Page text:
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QuadBlogging and Blogging the Leap Year projects
Jan20

QuadBlogging and Blogging the Leap Year projects

A quick post to make my readers aware of an excellent project set up by Deputy Headteacher David Mitchell. He’s developed an excellent model for school collaboration called Quadblogging which sets up groups of schools to talk, share ideas, information and comment on each others’ work. At present there are more than 1000 classes in 27 countries working together creating some incredible moments of learning as well as fellowship. It’s an excellent idea, and the project is open to any school around the world, so get in touch with David if you want your class to get involved. An exciting extension of this is the Feb29th.net project. Feb29th.net is a global blogging project that will cross all age groups and continents. As soon as Feb 29th 2012 begins in Tonga, the Feb29th.net website will open up to collect posts for a single day. The Feb29th blog will capture posts from all over the world on this rare day until midnight in the Western Pacific. The result will not only be a celebration of technology, but a celebration of audience and purpose, who will be the youngest author? Who will be the oldest? Which country will top the most posts? The aim is to allow any visitor on 29th Feb to post; these will be moderated on the day, as this will also be open to pupils in educational establishments across the globe. To find out how your school can take part in the Feb 29 project visit : http://feb29th.net/ For more information about QuadBlogging, visit: http://quadblogging.net/...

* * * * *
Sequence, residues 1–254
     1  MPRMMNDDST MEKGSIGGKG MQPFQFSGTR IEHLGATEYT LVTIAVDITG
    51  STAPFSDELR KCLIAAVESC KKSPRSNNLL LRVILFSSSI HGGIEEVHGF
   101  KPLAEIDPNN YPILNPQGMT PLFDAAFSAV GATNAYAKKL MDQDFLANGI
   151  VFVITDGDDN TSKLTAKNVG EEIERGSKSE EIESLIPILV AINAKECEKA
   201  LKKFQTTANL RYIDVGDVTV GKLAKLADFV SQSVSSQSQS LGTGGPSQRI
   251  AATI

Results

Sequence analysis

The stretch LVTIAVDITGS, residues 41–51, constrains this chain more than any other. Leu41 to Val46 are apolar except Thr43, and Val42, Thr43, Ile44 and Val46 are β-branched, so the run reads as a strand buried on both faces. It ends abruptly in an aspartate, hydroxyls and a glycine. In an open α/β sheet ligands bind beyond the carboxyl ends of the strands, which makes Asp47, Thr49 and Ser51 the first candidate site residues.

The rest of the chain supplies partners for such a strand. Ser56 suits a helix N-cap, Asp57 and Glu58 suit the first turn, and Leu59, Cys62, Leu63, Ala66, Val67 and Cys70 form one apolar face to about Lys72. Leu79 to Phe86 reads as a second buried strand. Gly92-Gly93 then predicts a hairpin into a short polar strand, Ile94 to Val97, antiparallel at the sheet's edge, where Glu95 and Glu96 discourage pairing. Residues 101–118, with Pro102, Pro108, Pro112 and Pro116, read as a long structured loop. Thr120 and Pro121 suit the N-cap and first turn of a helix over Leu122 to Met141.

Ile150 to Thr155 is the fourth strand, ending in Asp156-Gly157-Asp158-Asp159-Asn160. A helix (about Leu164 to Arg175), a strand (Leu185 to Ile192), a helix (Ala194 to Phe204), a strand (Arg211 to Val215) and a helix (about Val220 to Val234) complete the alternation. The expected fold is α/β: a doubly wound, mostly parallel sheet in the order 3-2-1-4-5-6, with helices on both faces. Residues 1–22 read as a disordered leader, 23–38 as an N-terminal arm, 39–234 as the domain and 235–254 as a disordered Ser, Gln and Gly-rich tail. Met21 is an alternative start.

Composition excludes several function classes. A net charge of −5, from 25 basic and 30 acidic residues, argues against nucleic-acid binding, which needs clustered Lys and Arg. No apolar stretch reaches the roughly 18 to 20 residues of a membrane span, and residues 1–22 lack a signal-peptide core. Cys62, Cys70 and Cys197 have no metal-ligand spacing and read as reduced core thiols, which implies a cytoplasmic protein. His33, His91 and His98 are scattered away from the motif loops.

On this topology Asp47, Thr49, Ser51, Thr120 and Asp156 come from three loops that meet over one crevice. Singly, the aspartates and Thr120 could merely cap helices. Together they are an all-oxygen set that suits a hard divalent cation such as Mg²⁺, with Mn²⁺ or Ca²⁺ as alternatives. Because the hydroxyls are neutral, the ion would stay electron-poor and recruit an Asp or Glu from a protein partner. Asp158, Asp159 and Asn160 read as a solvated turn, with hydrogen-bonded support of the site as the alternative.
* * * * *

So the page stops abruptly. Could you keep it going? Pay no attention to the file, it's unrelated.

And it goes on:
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Starting a blog : a guide for teachers
Jun12

Starting a blog : a guide for teachers

I’ve had a few requests recently for advice on starting up a blog, so I thought I’d  summarise some of my advice in a blog post. The first important decision is what blogging platform to use. There are many out there, but the main two that you should consider are Blogger and WordPress. You might also want to “self-host” your own blog on your own website. Both Blogger and WordPress.com are free to sign up for. You will get a personalised web address which will be something like dannysblog.wordpress.com or dannysblog.blogspot.com. When you sign up you can choose that part of the URL. Think carefully about that – don’t pick something too long or complicated that your visitors might get wrong. Both WordPress.com and Blogger give you a certain amount of free space, and some control over the look and feel for your blog. You can choose from many of the pre-installed widgets and plugins which give you extra features. As an alternative – if you are doing an educational-themed blog then do consider Edublogs, which is geared towards free blogs for teachers. It uses the same engine as WordPress. The free version does come with some adverts, and there are paid upgrades if you wish which remove these. If you are just starting out – I’d recommend using a hosted blog such as WordPress.com or Blogger. If you know a little more about what you are doing then you can buy your own webspace from one of the many internet hosting companies out there – and install your own version of WordPress from WordPress.org. This gives you much more control over the look and function of your blog with a wealth of plugins and themes to choose from and install. But to be honest, for the beginner I would not recommend starting there. In the future if you want to you can always set up your own blog and import all the content from Blogger/Wordpress. Managing your blog Both Blogger and WordPress provide you with an admin “back-end” to your blog which only you can see which lets you organise and write your blog posts. When you click the “publish” button your blogpost will go live for everyone to see. You can also set up categories for your posts, this means that in the future all posts on similar topics can be easily found. Think about the categories that you want for your blog – what will you be writing about? You can add more categories later on, but it does help to start with a few. You can see the categories for this blog on the sidebar...